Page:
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Team California '00

November 11, 1998|CHARLES PERRY

Everybody follows the Olympics. Not so many follow the Culinary Olympics, which have also taken place every four years throughout this century. For the '00 event, to be held in Berlin, the U.S. will field two teams--a national team and a California team, partly because a team from California did so well in the 1996 Culinary Olympics.

"We're considered the Hollywood showoff team," says '00 California team captain Brad Toles, "but we wanted to downplay this [in 1996]. We had probably the simplest display--some countries were bringing in $100,000 lighting fixtures, but we just had a table showing the different regions of California, and we came back as the only U.S. team with a gold medal. We did better than the official U.S. team, which was much better financed."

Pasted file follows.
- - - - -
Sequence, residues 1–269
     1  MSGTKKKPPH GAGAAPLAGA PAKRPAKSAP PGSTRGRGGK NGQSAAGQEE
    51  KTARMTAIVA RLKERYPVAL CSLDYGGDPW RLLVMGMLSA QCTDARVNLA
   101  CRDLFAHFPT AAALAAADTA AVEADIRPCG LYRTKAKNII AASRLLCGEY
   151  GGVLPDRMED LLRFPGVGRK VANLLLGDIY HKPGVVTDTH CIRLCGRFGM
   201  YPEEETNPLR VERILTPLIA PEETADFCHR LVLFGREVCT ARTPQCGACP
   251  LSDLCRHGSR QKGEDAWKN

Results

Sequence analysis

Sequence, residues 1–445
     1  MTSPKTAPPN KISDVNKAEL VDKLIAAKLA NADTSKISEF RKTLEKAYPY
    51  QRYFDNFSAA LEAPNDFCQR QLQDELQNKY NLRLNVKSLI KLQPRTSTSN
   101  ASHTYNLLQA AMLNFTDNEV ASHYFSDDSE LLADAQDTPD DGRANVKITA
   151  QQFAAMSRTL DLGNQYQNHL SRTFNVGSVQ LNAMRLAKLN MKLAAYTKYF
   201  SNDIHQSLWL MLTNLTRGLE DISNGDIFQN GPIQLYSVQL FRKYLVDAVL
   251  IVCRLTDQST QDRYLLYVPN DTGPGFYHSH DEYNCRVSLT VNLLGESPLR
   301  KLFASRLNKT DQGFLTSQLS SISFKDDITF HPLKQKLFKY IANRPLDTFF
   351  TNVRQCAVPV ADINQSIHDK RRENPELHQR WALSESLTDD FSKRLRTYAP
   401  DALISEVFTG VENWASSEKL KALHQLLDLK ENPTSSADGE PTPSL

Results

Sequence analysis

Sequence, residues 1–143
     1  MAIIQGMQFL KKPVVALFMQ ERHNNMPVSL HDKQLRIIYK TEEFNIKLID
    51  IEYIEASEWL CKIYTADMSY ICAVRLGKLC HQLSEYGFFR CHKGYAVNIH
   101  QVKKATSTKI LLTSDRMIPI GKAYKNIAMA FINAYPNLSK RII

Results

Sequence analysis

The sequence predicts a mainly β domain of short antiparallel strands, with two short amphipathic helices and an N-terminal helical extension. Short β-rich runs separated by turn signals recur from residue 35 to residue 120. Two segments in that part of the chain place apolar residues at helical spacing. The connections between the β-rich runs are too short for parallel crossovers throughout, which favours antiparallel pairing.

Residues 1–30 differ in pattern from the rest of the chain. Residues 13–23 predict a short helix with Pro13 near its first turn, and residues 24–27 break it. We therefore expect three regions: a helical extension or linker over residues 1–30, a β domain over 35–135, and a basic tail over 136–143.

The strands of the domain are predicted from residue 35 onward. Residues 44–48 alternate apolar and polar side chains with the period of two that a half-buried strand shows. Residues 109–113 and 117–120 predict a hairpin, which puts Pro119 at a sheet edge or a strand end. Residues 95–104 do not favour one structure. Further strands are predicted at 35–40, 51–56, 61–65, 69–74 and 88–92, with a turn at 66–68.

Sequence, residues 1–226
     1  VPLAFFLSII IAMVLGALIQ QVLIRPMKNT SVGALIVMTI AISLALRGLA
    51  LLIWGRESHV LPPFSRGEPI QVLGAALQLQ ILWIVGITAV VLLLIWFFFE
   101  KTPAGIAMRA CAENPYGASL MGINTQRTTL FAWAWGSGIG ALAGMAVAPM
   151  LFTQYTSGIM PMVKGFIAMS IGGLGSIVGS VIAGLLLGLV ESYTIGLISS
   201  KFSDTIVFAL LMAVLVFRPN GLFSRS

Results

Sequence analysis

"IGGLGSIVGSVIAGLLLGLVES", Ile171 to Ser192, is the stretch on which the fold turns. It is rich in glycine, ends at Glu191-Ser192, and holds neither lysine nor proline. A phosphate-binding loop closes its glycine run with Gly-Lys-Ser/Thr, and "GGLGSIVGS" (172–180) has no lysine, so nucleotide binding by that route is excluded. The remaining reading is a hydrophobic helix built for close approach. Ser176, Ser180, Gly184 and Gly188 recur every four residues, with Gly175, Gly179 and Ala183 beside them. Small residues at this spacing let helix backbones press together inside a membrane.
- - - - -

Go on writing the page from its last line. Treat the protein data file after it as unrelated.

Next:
The Culinary Olympics tryouts are organized a little like the Japanese TV show "Iron Chef"; each team is presented with ingredients and has to create a meal from them in less than three hours. For the real thing, though, teams get to plan their meals ahead.

What we want to know is, what do you eat when you're in training for the Culinary Olympics? "Anything that keeps us alive," says Toles. "It's hard to tell a chef how to eat."

The Case of the Counterfeit Tea

U.S. District Court Judge Dickran Tevrizian ordered Kim-Seng Co., an L.A.-based importer and wholesaler, to pay Eastrise Trading Corp. of Alhambra nearly $700,000 in damages and attorneys' fees in Oct. 22. Eastrise had charged that Kim-Seng was marketing low-grade tea under under Eastrise's Foojoy label. In December, 1997, U.S. Marshals found more than 60 cases of tea falsely labeled Foojoy at the Kim-Seng warehouse.

This is believed to be the first court case regarding counterfeit tea in the U.S.

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